“The movement of the Spirit of God in the hearts of [people] often calls them to act against the spirit of their times or causes them to anticipate a spirit which is yet in the making. In a moment of dedication, they are given wisdom and courage to dare a deed that challenges and to kindle a hope that inspires.”Howard Thurman, footprints of a dream
Thurman’s activism was definitively international. In 1936 he led a “Negro Delegation of Friendship” to South Asia, where he met with Indian anti-colonial activist, lawyer and political ethicist Mohondas Ghandi. This connection with Ghandi broadened his theological and international vision of the struggles of Black Americans, and deepened his commitment to non-violent action as a mechanism for social change.
After several years in the Bay Area, Thurman and his wife Sue Bailey Thurman, moved to Boston, Massachusetts to serve as Dean of Marsh Chapel at Boston College. This made him the first African American Dean at a predominantly white institution in America. He went with a vision of testing his ideas of common ground and community in pluralism. Here he met and mentored Martin Luther King Jr., who learned much of his nonviolent principles from Thurman. While Thurman shaped much of the nonviolent action of the Civil Rights Movement, he did not himself take to marching and mobilizing on the streets. Instead, Thurman served as a caretaker and spiritual advisor to those who did, including Martin Luther King Jr., Jesse Jackson and Marian Wright Edelman.
The Dish: June Commencement Soup
3 pounds of beef stew cut in 1” cubes
1 cracked soup bone
1 quart liquid (soup stock or water with bouillon cube)
1 tablespoon worcestershire sauce
1 small can tomato paste
2 ½ teaspoons salt
½ teaspoon freshly ground black pepper
2 green peppers (uncut)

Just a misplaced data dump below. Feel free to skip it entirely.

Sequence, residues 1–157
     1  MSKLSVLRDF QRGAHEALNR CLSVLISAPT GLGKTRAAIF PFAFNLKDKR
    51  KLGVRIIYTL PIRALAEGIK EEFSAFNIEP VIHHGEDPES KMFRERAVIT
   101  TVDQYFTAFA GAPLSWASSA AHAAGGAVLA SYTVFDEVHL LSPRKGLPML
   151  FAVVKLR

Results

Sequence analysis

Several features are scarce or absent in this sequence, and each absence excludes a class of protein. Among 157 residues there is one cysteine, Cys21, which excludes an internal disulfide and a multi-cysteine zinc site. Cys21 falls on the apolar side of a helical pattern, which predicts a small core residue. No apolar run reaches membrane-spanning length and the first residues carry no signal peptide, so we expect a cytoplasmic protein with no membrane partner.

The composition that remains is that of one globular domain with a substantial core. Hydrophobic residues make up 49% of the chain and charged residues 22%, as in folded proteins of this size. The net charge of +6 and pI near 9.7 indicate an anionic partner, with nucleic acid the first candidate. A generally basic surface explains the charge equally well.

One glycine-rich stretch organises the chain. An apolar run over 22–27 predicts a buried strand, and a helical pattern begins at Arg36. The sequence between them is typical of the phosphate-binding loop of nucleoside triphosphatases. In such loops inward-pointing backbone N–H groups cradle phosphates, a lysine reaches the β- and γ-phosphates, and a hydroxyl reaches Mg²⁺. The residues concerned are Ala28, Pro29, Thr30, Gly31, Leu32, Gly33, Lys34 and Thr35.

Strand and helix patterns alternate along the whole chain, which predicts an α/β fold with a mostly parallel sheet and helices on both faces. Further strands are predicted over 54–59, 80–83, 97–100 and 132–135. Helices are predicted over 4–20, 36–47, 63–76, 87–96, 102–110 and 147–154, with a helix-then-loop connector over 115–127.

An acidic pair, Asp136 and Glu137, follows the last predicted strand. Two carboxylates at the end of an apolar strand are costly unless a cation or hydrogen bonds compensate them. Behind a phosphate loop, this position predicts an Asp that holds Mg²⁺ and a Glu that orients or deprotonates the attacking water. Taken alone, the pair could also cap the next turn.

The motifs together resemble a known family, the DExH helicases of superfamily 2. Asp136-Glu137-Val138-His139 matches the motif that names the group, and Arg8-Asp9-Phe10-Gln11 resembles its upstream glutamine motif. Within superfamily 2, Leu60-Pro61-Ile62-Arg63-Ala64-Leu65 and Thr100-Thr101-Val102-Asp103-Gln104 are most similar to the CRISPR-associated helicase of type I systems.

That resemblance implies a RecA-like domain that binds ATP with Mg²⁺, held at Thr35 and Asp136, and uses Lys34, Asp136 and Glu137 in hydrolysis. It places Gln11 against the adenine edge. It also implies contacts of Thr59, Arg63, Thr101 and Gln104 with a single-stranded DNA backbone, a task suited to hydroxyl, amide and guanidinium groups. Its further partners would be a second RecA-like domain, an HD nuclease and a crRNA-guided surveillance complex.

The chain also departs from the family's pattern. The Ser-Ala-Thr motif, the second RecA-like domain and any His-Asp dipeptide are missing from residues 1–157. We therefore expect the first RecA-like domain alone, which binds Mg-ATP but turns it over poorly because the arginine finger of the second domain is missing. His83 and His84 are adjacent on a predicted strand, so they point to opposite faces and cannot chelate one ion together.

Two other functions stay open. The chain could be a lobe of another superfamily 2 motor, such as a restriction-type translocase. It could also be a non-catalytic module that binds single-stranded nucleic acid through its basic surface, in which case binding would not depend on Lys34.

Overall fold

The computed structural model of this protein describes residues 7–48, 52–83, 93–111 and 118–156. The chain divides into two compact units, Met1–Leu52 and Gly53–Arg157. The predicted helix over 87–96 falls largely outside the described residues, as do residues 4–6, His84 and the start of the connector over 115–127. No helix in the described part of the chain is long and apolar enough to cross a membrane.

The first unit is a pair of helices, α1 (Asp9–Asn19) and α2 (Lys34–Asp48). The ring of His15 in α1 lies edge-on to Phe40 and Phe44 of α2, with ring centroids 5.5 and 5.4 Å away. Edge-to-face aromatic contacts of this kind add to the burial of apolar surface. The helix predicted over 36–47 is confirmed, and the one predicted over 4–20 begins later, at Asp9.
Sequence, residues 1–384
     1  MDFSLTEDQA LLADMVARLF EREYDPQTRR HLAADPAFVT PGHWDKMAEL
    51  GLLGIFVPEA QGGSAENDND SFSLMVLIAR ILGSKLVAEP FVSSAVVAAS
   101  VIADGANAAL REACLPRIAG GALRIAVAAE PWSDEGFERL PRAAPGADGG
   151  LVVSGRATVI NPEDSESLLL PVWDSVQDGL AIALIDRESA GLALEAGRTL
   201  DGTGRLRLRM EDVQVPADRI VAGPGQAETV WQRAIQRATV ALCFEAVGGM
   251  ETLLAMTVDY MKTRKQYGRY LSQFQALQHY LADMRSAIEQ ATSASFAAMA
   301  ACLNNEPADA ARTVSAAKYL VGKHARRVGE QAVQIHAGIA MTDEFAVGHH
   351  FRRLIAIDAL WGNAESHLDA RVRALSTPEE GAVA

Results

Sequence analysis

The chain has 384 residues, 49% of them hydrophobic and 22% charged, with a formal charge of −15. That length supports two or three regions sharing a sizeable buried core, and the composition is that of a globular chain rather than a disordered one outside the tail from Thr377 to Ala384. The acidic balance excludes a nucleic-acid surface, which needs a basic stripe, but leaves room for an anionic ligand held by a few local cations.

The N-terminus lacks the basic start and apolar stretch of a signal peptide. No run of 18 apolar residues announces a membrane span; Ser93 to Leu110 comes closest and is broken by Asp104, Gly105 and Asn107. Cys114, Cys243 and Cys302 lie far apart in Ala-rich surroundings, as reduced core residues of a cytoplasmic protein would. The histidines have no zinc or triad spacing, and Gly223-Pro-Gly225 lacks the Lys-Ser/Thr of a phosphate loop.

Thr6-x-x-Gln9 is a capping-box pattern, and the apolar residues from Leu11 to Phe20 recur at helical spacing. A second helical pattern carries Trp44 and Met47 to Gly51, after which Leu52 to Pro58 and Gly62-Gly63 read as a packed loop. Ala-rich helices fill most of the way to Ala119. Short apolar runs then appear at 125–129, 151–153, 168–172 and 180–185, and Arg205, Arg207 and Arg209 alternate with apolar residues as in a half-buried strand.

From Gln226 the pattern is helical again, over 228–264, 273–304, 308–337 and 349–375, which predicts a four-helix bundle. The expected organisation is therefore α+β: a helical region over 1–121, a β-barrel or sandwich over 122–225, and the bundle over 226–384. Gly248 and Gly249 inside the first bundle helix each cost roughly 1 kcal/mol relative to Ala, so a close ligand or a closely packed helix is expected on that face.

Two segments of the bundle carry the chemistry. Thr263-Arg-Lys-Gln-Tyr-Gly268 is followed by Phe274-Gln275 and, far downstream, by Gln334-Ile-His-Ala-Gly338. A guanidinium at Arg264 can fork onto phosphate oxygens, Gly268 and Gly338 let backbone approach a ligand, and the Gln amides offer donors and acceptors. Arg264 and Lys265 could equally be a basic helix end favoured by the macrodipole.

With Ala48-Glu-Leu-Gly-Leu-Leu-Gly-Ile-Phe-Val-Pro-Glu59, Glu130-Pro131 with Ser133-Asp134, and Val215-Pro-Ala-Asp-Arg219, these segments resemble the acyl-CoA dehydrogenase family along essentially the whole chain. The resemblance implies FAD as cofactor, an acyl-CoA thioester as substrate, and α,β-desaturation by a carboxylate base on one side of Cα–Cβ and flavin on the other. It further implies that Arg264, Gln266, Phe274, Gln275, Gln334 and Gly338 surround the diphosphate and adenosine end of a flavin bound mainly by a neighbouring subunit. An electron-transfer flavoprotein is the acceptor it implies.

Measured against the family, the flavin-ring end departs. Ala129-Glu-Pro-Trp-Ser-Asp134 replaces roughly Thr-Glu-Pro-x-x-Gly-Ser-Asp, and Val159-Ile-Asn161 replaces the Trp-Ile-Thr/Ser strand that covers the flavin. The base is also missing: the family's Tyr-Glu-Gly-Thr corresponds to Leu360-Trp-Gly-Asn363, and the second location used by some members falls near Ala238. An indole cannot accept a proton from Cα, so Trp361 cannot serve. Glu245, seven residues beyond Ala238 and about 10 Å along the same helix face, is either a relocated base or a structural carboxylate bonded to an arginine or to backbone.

1 tablespoon soy sauce
4 onions quartered
4 large white potatoes
½ teaspoon of the following herbs (see symbolism chart below):
Other vegetables according to taste and season
As you can see, the ingredient list has a variety of herbs, each of which are loaded with symbolic meaning. The book includes this chart of the symbolism of the myriad of herbs we could add and what meaning it would add to the soup.
From Cookbook of the American Negro, NCNW
While I looked for the origins of these symbols, there are a variety of religious and cultural roots from ancient times to modernity.
This recipe process was incredibly simple. A one pot dish of sorts that really just required time.
We started by placing the cut beef cubes into a quart of stock, alongside our chosen herbs, salt, pepper and tomato paste. After covering, we brought it to simmer over low heat for the directed 2 hours.
After two hours the meat was not quite tender, so we continued to stew it for another hour. Eventually we added the chopped vegetables and continued to allow the stew to simmer for another few hours. We decided to add some more herbs and even ended up adding some red wine to make it a richer and more flavorful stew.
I have to admit, while this was straightforward, the recipe really needed more time and more seasonings to make it the stew we ended up enjoying.
As we mentioned, this was intended for the celebration of commencement and in honor of Howard Thurman’s mother, grandmother, “and all the Negro women of the long past.” Thinking of these women, the time it required to bring it to perfection felt entirely appropriate for the generations of women who shaped Reverend Howard Thurman.